Awareness of Africa to Grow as Pretoria Chairs Indian Ocean Rim Association

31 October 2017 Madeleine Bowen, Research Assistant, Indian Ocean Research Programme Download PDF

Key Points

  • South Africa has a positive relationship with IORA and views it as the link between Asia, Africa, Australasia and the Middle East.
  • South Africa will focus on using its time as IORA Chair to foster a symbiosis between many of its own domestic policy initiatives, particularly in the blue economy sector, and the priorities of IORA.
  • The major difference of South Africa’s term as Chair and those of previous Chairs will be an increased awareness of African perspectives on Indo-Pacific matters.
  • The internal political challenges that are confronting the governing African National Congress could, but are unlikely to, have a major effect on South Africa’s term as IORA Chair.

Summary

South Africa’s term as Chair of the Indian Ocean Rim Association (IORA), is likely to have a major focus on advancing South Africa’s maritime economic interests. That will involve aligning IORA’s blue economy plan with the priorities of South African domestic policy and the 2050 Africa Integrated Maritime Strategy produced by the African Union (AU). South Africa’s focus on a wider African agenda will distinguish its time as Chair from its predecessors. The challenges for South Africa will be to continue the momentum given to IORA as an institution under the leaderships of India, Australia and, most recently, Indonesia, while beginning the implementation of the Jakarta Concord Action Plan.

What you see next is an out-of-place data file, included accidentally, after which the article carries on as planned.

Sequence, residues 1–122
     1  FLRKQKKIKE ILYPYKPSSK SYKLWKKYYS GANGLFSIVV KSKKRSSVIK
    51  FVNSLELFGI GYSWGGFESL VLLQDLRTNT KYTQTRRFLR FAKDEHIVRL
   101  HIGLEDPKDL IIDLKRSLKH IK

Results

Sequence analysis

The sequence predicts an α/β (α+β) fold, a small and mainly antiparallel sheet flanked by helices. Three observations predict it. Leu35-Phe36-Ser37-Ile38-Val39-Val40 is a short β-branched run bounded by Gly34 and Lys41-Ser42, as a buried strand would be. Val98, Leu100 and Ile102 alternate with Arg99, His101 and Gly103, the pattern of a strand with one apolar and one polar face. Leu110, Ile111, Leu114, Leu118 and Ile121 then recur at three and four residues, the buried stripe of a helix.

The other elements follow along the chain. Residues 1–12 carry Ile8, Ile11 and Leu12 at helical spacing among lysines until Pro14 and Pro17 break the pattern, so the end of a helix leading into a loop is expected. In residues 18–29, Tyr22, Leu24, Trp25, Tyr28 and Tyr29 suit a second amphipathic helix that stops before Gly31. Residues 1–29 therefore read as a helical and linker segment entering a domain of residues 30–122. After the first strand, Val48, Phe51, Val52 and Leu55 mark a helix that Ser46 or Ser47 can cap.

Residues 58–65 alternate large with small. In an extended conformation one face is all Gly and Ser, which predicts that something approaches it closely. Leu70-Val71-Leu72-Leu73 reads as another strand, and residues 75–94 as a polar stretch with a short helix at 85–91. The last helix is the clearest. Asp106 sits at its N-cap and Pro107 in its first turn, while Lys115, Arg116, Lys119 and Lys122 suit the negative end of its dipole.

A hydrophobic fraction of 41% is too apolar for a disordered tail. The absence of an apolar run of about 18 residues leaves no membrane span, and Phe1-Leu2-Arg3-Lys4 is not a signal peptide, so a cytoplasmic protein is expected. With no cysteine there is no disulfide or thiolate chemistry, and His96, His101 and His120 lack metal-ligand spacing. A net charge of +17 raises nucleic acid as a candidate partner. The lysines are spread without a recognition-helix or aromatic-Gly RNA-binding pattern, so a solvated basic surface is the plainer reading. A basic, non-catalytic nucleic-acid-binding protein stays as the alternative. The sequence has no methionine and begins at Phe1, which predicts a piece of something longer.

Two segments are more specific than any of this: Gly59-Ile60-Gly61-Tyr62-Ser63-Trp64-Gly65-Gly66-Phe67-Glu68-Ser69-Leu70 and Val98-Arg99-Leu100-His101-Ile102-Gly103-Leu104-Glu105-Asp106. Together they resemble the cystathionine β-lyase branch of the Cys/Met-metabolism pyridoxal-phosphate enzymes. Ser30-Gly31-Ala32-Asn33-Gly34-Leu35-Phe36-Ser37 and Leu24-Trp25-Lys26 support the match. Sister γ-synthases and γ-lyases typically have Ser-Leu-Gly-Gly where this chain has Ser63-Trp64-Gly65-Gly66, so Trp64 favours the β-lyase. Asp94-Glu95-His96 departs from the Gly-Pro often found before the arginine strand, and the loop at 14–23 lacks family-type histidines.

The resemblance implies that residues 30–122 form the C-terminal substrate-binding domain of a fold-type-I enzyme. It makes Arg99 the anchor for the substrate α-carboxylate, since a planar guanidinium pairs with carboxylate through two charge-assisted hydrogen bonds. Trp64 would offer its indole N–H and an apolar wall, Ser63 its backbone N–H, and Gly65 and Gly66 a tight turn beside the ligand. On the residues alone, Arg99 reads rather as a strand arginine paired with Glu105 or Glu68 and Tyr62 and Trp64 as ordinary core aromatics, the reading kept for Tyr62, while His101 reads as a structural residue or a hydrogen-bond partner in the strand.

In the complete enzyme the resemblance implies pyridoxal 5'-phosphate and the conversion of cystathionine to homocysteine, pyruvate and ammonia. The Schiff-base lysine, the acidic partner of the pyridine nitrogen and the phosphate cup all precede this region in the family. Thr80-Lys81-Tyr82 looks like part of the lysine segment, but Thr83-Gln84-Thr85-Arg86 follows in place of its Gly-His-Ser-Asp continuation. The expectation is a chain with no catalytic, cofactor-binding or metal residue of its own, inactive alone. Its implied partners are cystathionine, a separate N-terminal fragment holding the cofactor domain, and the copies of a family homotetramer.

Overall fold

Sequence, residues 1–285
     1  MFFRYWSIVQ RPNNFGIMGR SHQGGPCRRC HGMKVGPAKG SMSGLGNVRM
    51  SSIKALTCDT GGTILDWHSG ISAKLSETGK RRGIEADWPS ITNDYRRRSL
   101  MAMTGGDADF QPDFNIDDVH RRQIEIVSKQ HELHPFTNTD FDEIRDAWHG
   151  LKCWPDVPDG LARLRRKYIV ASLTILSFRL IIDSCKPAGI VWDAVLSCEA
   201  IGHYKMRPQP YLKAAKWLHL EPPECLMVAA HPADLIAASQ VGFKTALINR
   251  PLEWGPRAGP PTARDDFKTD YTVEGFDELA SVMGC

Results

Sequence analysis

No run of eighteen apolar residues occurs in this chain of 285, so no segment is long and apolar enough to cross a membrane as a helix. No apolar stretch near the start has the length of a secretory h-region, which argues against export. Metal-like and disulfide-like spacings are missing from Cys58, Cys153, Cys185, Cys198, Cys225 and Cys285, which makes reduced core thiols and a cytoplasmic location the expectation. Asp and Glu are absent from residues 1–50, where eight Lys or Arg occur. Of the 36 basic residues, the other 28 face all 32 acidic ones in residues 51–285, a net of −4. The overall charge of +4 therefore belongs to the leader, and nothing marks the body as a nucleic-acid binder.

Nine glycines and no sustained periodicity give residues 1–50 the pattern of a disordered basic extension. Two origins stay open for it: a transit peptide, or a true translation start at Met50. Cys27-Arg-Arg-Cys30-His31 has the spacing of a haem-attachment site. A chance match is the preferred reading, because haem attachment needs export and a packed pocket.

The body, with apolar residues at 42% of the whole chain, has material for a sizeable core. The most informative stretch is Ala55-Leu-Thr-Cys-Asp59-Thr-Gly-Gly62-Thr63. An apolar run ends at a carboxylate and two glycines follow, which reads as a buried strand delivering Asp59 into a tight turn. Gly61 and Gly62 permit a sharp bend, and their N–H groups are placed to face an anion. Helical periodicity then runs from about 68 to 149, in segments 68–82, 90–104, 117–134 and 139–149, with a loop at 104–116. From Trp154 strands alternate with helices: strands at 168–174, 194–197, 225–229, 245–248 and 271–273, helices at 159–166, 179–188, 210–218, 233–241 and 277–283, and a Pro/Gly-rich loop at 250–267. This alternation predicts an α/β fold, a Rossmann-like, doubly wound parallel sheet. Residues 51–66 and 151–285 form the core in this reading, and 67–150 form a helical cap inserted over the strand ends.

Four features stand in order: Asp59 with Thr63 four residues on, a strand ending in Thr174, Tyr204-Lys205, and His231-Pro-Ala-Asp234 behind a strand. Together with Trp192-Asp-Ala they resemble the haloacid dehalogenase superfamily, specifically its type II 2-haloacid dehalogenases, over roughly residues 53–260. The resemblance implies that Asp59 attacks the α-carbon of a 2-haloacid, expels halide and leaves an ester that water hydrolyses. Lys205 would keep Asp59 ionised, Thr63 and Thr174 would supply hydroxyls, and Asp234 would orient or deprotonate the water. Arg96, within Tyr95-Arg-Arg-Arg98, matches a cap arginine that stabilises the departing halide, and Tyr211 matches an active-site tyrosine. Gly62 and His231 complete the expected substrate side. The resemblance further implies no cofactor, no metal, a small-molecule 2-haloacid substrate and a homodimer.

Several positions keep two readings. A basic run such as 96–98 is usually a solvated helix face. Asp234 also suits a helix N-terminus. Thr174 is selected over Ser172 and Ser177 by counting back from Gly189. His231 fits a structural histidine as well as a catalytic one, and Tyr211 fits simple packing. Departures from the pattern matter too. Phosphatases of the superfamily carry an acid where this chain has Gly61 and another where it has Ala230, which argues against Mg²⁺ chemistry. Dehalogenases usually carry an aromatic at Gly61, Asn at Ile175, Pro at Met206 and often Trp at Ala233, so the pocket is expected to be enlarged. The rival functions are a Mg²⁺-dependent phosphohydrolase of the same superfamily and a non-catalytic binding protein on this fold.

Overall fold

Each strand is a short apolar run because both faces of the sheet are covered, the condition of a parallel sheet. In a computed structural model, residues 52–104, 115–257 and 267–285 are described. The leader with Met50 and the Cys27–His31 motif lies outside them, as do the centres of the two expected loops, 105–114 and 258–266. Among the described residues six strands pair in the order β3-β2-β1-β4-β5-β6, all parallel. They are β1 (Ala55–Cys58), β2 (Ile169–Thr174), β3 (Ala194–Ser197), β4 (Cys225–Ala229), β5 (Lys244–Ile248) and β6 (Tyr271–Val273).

Analysis

South Africa assumed the role of IORA Chair at the seventeenth Council of Ministers Meetings, held in Durban between 14 and 18 October 2017. As per IORA convention, South Africa’s two-year term will run until 2019. IORA aims to liberalise trade and increase co-operation between member states. The organisation’s stature was further elevated during Indonesia’s time as Chair, which gave it the momentum to continue growing its capabilities and to focus on important issues within the Indian Ocean region. South Africa is a founding member of IORA, a point that serves as a source of pride for South Africa, which views IORA as the pre-emptive organisation linking Africa, Asia, Australasia and the Middle East. That is reflected in what Pretoria has chosen to be the theme of its term as Chair: “uniting the peoples of Africa, Asia, Australasia and the Middle East through enhanced co-operation for peace, stability and sustainable development.”

Although South Africa will address a range of issues during its leadership, three central priorities have been outlined: maritime safety and security in the Indian Ocean region, improved resilience and disaster relief management, and the sustainable and responsible management of fisheries. Priorities One and Three both relate closely to the development of the “blue economy”, which  already serves as a major theme of South African domestic economic policy and of the IORA Blue Economy Core Group. South Africa will also push for the implementation of the Jakarta Concord and IORA Action Plan agreed upon at the 2016 Leader’s Summit. The focus on the Blue Economy and the implementation of the Jakarta Concord vary little from policies which are already central to IORA activities and which were prioritised by previous Chairs. The greatest differences between the South African term as Chair and those of its predecessors will be the integration of IORA policies with South Africa’s own domestic policies and the naturally Africa-centric nature of those policies.